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Equivalence Principle

  1. Jan 30, 2014 #1
    1. The problem statement, all variables and given/known data
    A photon near the surface of the Earth travels a horizontal distance of 3 km. How far (in meters) does the photon 'fall' in this time? (Hint: think equivalence principle).

    2. Relevant equations

    3. The attempt at a solution
    My understanding of the equivalence principle is that experiments carried out in a 'free fall' frame will have the same results as an experiment done floating in space (far from a large body). I'm confused because the photon near the surface of earth is in neither of these situations -- so would the answer be that it doesn't 'fall' at all? I would expect it to travel horizontally only.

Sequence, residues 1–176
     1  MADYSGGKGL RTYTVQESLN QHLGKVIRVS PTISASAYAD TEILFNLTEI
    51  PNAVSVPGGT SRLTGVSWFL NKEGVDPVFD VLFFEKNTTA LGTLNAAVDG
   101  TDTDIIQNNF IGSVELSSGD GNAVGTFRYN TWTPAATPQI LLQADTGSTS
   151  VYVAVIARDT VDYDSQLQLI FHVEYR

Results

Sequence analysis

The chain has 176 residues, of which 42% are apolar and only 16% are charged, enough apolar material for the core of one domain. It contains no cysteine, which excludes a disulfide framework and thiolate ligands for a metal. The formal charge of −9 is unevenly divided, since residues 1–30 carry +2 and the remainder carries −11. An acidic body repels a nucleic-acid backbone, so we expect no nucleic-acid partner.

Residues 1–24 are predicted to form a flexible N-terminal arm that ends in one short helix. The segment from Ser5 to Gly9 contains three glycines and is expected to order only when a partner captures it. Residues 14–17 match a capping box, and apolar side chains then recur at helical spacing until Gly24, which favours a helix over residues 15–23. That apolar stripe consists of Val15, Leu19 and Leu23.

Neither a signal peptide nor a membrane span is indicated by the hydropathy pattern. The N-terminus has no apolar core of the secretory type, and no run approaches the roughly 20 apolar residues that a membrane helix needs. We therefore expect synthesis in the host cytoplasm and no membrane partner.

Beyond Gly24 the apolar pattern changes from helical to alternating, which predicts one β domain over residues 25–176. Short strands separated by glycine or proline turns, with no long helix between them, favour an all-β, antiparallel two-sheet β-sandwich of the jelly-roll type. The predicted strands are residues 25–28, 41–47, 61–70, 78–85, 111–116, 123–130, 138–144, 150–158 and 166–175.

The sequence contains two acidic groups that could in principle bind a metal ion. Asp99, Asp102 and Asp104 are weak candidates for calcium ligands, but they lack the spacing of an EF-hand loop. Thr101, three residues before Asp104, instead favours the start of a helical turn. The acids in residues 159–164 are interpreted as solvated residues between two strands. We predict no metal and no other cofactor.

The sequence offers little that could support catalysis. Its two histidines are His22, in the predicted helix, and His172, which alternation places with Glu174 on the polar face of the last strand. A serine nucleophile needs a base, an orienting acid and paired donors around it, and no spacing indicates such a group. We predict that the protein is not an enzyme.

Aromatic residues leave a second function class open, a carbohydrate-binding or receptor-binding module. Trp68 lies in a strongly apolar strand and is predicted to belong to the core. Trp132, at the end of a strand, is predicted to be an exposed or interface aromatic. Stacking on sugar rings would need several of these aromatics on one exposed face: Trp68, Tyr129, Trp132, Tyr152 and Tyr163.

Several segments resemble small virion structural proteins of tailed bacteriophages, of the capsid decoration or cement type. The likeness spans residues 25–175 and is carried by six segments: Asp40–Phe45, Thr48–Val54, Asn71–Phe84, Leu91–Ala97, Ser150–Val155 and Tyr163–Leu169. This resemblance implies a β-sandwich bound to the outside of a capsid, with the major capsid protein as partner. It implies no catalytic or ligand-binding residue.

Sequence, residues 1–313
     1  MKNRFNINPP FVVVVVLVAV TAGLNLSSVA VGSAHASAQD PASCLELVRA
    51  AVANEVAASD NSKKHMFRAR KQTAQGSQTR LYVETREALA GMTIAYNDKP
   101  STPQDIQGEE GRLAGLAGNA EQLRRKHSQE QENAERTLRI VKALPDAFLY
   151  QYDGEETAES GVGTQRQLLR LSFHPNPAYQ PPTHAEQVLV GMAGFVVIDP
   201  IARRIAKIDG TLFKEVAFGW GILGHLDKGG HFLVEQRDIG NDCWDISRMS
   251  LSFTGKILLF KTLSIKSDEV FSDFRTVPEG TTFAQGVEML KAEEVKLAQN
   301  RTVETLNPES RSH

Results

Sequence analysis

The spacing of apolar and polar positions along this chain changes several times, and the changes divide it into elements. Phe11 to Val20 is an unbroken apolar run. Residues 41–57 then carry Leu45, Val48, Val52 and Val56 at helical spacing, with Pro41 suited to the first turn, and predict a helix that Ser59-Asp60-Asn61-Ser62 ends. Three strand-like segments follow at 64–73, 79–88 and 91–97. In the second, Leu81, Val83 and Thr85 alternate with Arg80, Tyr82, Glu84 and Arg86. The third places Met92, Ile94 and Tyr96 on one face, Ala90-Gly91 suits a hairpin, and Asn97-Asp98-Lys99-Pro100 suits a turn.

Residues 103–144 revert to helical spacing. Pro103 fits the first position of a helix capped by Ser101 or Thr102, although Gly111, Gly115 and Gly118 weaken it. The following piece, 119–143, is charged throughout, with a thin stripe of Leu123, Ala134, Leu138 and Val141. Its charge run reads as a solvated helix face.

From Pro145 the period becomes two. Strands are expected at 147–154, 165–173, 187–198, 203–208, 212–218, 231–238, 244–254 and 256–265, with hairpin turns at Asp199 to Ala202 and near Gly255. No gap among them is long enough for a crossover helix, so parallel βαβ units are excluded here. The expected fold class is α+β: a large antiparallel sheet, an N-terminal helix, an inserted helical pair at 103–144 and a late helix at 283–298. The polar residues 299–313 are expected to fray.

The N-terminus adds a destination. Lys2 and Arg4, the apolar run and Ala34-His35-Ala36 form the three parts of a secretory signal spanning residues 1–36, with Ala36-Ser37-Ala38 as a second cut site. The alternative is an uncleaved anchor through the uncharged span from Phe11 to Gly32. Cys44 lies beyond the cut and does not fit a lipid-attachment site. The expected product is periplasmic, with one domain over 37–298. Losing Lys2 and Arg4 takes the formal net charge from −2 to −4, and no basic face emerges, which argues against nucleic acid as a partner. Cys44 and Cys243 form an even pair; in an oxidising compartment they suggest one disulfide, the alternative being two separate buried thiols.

2. jcsd
  3. Jan 30, 2014 #2


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    The usual picture is to imagine an experiment carried out in an elevator (3km wide), where you shoot a beam of photons straight across the elevator. If you carry this out in space it will travel straight across. If you are in the same elevator at the earth's surface in free fall, accelerating towards the center of the earth, from the view point of someone in the elevator it will also travel straight across. You are supposed to think of how it looks from the view point of someone who is not in the elevator and standing on the earth's surface.
  4. Jan 30, 2014 #3
    Thanks, I've got it now!
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